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Downregulation of microRNA-132 by DNA hypermethylation is associated with cell invasion in colorectal cancer

Overview of attention for article published in OncoTargets and therapy, December 2015
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1 tweeter

Citations

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21 Mendeley
Title
Downregulation of microRNA-132 by DNA hypermethylation is associated with cell invasion in colorectal cancer
Published in
OncoTargets and therapy, December 2015
DOI 10.2147/ott.s91560
Pubmed ID
Authors

Zhiwei Wang, Jun Qin, Jing Ke, Feiran Wang, Youlang Zhou, Yasu Jiang, Junfei Xu

Abstract

microRNAs (miRNAs) are small, noncoding RNAs that are involved in many biological processes, and aberrant regulation of miRNAs is always associated with cancer progression and development. Abnormal expression of miRNA-132 (miR-132) has been found in some types of cancer, but the effects and potential mechanisms of miR-132 in colorectal cancer (CRC) have not been explored to date. In this study, quantitative real-time polymerase chain reaction was used to investigate the level of miR-132 in CRC tissues and their paired adjacent normal tissues. Bioinformatics analysis indicated that the mechanism underlying the tumor suppressor role of miR-132 in CRC cells may play a role in tumor suppression by targeting paxillin. Furthermore, methylation-specific polymerase chain reaction was performed to evaluate the methylation status of the miR-132 regulatory region. A DNA methyltransferase inhibitor, 5-aza-2'-deoxycytidine, was used to activate the expression of miR-132 in CRC cells in vitro. Downregulation of miR-132 may occur as a result of hypermethylation and implies a poor prognosis in CRC; therefore, triggering miR-132 reexpression by using DNA methyltransferase inhibitors may be a potential molecular therapeutic target for CRC.

Twitter Demographics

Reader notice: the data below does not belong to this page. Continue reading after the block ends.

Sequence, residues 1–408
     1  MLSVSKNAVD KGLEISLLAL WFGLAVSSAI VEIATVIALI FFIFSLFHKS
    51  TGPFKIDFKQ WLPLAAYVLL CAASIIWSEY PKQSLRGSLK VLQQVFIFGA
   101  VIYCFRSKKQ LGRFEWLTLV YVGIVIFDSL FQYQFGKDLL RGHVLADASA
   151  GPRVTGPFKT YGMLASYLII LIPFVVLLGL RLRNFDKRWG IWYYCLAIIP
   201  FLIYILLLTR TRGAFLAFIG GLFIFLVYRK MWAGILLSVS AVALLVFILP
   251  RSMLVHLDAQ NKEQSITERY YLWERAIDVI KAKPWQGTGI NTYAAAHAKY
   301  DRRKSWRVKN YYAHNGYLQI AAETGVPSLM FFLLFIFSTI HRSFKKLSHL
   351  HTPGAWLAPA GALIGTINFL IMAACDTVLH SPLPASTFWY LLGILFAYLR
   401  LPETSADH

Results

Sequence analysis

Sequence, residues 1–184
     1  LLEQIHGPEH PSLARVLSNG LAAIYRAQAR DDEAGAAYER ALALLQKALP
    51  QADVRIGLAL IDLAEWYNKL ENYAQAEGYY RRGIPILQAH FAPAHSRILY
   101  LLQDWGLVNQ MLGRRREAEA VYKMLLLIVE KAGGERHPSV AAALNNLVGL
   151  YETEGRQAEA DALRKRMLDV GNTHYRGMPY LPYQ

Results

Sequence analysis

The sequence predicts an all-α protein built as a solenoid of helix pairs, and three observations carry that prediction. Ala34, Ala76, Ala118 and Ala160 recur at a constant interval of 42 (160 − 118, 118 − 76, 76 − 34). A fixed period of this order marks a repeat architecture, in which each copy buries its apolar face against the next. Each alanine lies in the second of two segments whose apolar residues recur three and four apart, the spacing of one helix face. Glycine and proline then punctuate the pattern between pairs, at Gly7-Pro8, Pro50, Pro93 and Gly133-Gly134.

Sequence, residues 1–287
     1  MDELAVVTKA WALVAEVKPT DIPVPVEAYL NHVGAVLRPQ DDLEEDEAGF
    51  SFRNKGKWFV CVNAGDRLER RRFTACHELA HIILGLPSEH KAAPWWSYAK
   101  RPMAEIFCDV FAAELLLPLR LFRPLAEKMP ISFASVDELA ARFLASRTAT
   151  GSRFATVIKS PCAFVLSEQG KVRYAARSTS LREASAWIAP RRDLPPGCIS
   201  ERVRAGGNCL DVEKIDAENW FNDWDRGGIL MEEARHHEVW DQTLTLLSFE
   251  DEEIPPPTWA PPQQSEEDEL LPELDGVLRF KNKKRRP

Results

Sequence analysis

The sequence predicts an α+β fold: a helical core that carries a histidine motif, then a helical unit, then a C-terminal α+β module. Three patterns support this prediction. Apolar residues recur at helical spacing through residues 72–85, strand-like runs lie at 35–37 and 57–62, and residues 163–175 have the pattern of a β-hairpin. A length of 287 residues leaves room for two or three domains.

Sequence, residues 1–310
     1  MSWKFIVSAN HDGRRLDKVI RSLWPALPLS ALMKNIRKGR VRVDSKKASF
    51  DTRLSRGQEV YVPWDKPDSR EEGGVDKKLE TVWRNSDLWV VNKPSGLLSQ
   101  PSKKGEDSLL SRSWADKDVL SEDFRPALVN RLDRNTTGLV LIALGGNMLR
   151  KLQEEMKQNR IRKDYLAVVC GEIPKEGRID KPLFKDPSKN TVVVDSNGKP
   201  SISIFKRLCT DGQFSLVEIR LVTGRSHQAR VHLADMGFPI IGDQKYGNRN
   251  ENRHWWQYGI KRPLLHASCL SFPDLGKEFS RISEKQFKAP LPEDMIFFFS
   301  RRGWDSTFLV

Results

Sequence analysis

The data shown below were collected from the profile of 1 tweeter who shared this research output. Click here to find out more about how the information was compiled.

Mendeley readers

The data shown below were compiled from readership statistics for 21 Mendeley readers of this research output. Click here to see the associated Mendeley record.

Geographical breakdown

Country Count As %
Unknown 21 100%

Demographic breakdown

Readers by professional status Count As %
Student > Ph. D. Student 7 33%
Student > Master 6 29%
Student > Bachelor 3 14%
Unspecified 3 14%
Researcher 2 10%
Other 0 0%
Readers by discipline Count As %
Biochemistry, Genetics and Molecular Biology 10 48%
Agricultural and Biological Sciences 5 24%
Unspecified 3 14%
Environmental Science 1 5%
Medicine and Dentistry 1 5%
Other 1 5%

Attention Score in Context

This research output has an Altmetric Attention Score of 1. This is our high-level measure of the quality and quantity of online attention that it has received. This Attention Score, as well as the ranking and number of research outputs shown below, was calculated when the research output was last mentioned on 18 December 2015.
All research outputs
#5,807,136
of 6,790,336 outputs
Outputs from OncoTargets and therapy
#488
of 807 outputs
Outputs of similar age
#235,731
of 291,130 outputs
Outputs of similar age from OncoTargets and therapy
#108
of 214 outputs
Altmetric has tracked 6,790,336 research outputs across all sources so far. This one is in the 1st percentile – i.e., 1% of other outputs scored the same or lower than it.
So far Altmetric has tracked 807 research outputs from this source. They receive a mean Attention Score of 1.3. This one is in the 1st percentile – i.e., 1% of its peers scored the same or lower than it.
Older research outputs will score higher simply because they've had more time to accumulate mentions. To account for age we can compare this Altmetric Attention Score to the 291,130 tracked outputs that were published within six weeks on either side of this one in any source. This one is in the 1st percentile – i.e., 1% of its contemporaries scored the same or lower than it.
We're also able to compare this research output to 214 others from the same source and published within six weeks on either side of this one. This one is in the 1st percentile – i.e., 1% of its contemporaries scored the same or lower than it.